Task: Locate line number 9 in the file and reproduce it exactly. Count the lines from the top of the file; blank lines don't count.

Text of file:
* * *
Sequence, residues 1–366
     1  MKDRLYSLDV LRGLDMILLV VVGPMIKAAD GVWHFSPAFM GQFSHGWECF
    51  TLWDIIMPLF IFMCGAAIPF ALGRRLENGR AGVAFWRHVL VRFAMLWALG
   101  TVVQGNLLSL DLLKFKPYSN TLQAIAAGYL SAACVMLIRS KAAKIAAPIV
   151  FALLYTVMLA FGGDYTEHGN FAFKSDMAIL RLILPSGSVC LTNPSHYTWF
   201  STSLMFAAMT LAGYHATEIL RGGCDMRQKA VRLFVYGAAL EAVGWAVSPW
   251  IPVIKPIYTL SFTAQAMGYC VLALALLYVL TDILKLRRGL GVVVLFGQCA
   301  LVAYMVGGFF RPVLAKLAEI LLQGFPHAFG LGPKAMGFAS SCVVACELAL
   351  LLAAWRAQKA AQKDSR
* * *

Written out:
   351  LLAAWRAQKA AQKDSR